Is it better than we are already doing?

Building on Stenhouse’s (Stenhouse, 1975) notion of teacher-as-researcher, the story of Ash Grove Academy takes this one step further, placing inquiry at the heart of a school improvement process. It is a tale deeply rooted in its context, illustrating how using research evidence, engagement with research and research principles can lie at the heart of self-sustaining transformation.

The beginnings

In 2009, Ash Grove Primary School was a challenging school on the point of closure. In a medium-sized town, in the North West, the school served a community facing high social and economic disadvantage, and it was evident that standard school improvement strategies had not been effective. The arrival of a new head teacher and a new deputy head teacher initiated a change in direction. Rather than relying on previous experience or advice from others, it was decided to put high-quality research and research evidence at the heart of every action and decision made.

Back to basics

All teaching and learning was stripped back to the basics and redeveloped to reflect the evidence. Over time, a systematic five-stage cycle (Sharratt and Fullen, 2009) was adopted to structure the process explicitly:

Stage 1: What does the data say? What is the challenge?

Stage 2: What does the research suggest? What is the theory that underpins effective practice?

Stage 3: What will the theory look like in our classrooms?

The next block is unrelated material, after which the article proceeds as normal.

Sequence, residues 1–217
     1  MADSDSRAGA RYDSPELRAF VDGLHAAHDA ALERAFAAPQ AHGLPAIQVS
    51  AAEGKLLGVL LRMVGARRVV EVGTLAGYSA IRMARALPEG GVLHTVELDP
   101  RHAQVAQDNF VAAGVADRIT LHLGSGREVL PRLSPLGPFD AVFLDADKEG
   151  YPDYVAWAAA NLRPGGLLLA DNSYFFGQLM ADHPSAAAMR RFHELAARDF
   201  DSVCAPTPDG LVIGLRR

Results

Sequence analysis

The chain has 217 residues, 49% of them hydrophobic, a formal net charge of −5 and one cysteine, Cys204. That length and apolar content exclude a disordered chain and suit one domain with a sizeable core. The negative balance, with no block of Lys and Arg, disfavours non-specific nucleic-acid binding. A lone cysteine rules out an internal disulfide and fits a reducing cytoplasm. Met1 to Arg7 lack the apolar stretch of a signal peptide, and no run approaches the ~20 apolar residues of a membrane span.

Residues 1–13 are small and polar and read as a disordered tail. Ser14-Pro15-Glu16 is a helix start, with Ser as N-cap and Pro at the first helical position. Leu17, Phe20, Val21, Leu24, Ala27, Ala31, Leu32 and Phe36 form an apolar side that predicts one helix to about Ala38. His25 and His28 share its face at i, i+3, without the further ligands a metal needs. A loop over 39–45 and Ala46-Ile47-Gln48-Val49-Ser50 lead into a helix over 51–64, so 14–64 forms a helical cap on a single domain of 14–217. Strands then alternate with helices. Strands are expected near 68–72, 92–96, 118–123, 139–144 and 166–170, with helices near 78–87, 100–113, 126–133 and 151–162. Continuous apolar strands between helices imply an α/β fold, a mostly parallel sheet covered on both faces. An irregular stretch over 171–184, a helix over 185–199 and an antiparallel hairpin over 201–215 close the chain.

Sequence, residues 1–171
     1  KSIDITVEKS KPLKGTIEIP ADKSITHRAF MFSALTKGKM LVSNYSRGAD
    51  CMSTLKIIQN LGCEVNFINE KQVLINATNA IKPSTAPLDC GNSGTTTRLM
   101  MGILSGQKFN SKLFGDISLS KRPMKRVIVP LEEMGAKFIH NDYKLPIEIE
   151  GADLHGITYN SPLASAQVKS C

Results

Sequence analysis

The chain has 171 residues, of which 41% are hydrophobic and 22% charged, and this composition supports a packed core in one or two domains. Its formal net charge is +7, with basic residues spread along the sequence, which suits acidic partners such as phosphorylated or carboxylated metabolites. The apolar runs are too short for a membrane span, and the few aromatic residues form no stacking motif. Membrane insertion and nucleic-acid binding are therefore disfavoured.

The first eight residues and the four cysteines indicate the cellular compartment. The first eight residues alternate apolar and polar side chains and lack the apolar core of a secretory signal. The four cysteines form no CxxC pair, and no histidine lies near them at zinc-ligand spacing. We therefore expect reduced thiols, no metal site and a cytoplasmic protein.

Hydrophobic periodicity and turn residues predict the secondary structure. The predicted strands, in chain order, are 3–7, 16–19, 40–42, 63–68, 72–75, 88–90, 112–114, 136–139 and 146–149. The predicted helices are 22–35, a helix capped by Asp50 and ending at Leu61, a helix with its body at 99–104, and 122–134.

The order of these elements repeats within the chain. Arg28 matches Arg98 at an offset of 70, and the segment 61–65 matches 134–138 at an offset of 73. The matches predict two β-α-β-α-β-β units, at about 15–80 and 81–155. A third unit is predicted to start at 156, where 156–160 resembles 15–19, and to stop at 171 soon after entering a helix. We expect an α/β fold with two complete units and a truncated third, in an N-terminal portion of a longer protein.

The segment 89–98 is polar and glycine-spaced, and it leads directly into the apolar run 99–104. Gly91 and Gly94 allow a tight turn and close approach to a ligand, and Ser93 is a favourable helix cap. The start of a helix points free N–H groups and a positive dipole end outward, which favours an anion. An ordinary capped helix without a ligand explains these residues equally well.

Stage 4: How will we know if it is working? How will we measure the impact?

Stage 5: What does the outcome teach us? What can we learn from the innovation?

 

Quickly, a menu of pedagogies, interventions, resources and approaches began to be assembled – a toolkit exemplifying what worked, when, where, for whom and in what circumstances. All staff within the school became coinvestigators in the development of the menu – collaborators at every stage. Codifying the work of the school in this way enabled all aspects to be rigorously scrutinised and evaluated. The school became a place where it was ‘no longer risky to take risks or quirky to try something new’ (Matthews et al., 2014) and was recognised as Outstanding in all areas by Ofsted in 2013.

Reaching out Since then, the school has established a multi-academy trust and a teaching school and become a founding member of the EEF/IEE Research Schools Network, reaching out to other schools across the system. Five strands of research engagement (BERA/RSA, 2014) underpin the strategic development plan for the teaching school, and the work of the EEF and IEE enriches the decisions made and provides further challenge and support. As a research school, Ash Grove Academy helps schools access research and interpret it in the context of their own communities and provides training programmes. Ultimately, as Sharples et al. (Sharples et al., 2018) remind us, ‘it doesn’t matter how great an educational idea or intervention is in principle; what really matters is how it manifests itself in the day-to-day work of people in schools’ – and Ash Grove Academy continues to explore, document and share what it looks, sounds and feels like to use research evidence every day in a selfimproving system.

Conclusion

What we hope this article achieves is to illustrate the importance of the curriculum being something that is enacted and tested by teachers in their schools as part of teachers’ deliberate professional action. A research approach that encourages critical thought, testable possibilities and reflection related to classroom and school-level practices creates more possibilities for the curriculum to meaningfully support pupil learning. The two examples demonstrate how teachers can actively research the curriculum and, in so doing, enhance their own professional development as well as pupil learning. It also offers a means through which whole schools can both begin and sustain improvement.

References